This dry laboratory is attached to our algae facility to support cultures. It houses the reverse osmosis water filtration systems and a large autoclave oven.

Pathology lab

These are comprised of the wet and dry labs. The wet lab is where we conduct necropsies or tissue sampling from deceased fish. The dry lab is where pathology samples are processed further, housing a compound microscope and dissecting equipment. 


Workshops and machine shops

A dedicated team is responsible for the installation and maintenance of the infrastructure at the Northland Aquaculture Centre. The facility has fully-equipped workshops and machine shops for the construction, maintenance and custom fabrication of scientific equipment, field equipment and aquaculture production systems. The team has significant combined experience in the design, construction and operation of many types of aquaculture systems. Much of the work carried out by the team is bespoke, and often new methods and technologies need to be developed to solve particular problems, as no one else has done it before.




Learn more about our kingfish by visiting www.haku.nz


Chief Scientist - Aquaculture & Biotechnology
RAS Operations Manager
Manager - NAC Operations
NIWA's new office building at the Northland Aquaculture Centre. [NIWA]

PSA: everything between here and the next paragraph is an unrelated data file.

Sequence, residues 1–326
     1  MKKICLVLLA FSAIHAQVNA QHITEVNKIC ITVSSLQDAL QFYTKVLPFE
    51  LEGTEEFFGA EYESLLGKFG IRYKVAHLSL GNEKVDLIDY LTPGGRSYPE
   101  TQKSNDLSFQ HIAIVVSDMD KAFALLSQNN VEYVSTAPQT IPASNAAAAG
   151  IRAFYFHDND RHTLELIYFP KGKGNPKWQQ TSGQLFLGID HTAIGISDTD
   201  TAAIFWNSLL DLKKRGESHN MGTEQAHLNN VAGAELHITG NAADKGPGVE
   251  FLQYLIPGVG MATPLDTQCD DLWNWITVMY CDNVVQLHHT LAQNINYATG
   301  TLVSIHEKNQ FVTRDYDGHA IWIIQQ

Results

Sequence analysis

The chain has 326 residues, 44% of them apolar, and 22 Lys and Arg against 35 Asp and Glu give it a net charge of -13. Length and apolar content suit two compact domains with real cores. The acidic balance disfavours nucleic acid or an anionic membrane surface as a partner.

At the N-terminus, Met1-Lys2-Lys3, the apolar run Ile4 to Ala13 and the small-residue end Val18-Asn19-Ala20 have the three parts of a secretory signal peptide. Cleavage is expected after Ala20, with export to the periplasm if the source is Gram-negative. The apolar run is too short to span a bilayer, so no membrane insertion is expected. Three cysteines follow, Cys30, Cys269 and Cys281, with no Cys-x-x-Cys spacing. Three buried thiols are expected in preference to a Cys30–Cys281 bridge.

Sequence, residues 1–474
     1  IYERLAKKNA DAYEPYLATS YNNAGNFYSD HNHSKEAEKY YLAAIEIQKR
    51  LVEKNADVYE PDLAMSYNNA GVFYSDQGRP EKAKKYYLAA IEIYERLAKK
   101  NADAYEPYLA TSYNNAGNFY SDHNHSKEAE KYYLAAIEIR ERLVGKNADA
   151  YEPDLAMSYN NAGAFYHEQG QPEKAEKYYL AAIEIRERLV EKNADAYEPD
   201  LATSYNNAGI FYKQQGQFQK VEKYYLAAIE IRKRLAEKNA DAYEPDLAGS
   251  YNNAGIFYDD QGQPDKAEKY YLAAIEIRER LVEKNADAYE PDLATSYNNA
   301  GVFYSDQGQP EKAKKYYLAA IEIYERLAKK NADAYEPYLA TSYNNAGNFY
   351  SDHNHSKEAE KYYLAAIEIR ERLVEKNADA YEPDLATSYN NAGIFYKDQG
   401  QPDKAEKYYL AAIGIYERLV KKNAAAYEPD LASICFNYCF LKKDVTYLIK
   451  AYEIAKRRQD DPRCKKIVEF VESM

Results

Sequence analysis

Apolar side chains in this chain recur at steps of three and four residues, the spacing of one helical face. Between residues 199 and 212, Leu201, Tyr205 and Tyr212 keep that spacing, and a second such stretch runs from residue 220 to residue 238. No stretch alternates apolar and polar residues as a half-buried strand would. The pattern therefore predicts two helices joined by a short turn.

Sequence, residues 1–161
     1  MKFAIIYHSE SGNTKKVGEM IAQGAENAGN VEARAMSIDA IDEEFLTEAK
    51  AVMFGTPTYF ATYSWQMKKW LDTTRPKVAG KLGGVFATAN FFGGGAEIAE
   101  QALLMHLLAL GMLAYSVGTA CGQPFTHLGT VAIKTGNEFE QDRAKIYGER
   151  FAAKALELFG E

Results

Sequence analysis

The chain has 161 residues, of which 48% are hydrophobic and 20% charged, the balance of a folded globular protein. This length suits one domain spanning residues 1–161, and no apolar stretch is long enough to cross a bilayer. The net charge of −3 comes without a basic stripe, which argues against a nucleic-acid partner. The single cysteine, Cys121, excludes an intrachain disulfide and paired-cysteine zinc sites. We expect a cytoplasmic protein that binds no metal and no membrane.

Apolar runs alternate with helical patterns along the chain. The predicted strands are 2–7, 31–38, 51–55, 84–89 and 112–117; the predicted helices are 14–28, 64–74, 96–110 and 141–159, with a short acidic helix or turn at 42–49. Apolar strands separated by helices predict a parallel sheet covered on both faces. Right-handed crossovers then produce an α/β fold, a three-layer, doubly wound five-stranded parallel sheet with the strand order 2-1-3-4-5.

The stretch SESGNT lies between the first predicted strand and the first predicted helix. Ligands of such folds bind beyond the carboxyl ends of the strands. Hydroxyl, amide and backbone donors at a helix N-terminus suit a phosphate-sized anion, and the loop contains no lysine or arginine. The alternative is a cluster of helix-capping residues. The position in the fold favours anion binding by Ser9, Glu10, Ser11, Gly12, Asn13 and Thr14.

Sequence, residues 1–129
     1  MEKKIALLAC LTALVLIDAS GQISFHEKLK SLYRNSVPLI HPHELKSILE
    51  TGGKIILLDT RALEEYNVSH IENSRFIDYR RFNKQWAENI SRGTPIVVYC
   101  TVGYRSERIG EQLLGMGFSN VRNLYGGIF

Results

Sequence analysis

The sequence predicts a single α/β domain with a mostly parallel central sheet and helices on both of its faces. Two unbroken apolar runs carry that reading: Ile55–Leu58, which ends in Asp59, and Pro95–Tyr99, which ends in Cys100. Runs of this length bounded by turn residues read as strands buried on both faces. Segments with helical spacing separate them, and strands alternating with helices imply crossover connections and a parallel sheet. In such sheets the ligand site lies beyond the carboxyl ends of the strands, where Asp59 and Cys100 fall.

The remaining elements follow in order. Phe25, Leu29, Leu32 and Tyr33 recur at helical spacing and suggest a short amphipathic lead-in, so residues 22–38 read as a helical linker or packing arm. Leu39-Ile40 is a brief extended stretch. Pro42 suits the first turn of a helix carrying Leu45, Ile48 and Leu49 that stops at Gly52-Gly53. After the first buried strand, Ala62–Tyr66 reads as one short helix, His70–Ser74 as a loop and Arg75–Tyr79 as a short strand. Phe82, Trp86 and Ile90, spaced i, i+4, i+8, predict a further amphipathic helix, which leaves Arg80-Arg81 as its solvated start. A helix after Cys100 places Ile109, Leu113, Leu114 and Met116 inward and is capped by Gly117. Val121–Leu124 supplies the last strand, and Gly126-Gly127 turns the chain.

The Northland Aquaculture Centre. [Photo: Stuart Mackay]
Yellowtail Kingfish in recirculating aquaculture tanks at the Northland Aquaculture Centre. [Photo: Pascale Otis]
Assessment of a juvenile Chinook salmon at the Northland Aquaculture Centre. [Photo: Alvin Setiawan]
Chinook salmon are the only salmon species farmed in New Zealand. Staff at the Northland Aquaculture Centre regularly assess the health of the fish on site. [Photo: Alvin Setiawan]
Kingfish being harvested at the Northland Aquaculture Centre. [Photo: Stuart Mackay]
Recirculating aquaculture water supply pipes at the Northland Aquaculture Centre. [Photo: Alvin Setiawan]
Fish pellets feed used in trials at the Northland Aquaculture Centre. [Photo: Alvin Setiawan]
Algae supply tank in the kingfish nursery at the Northland Aquaculture Centre. [Photo: Stuart Mackay]
Scientists at the Northland Aquaculture Centre can do precise analysis on various types of samples. [Photo: Alvin Setiawan]
A number of laboratory spaces are available on site. [Photo: Alvin Setiawan]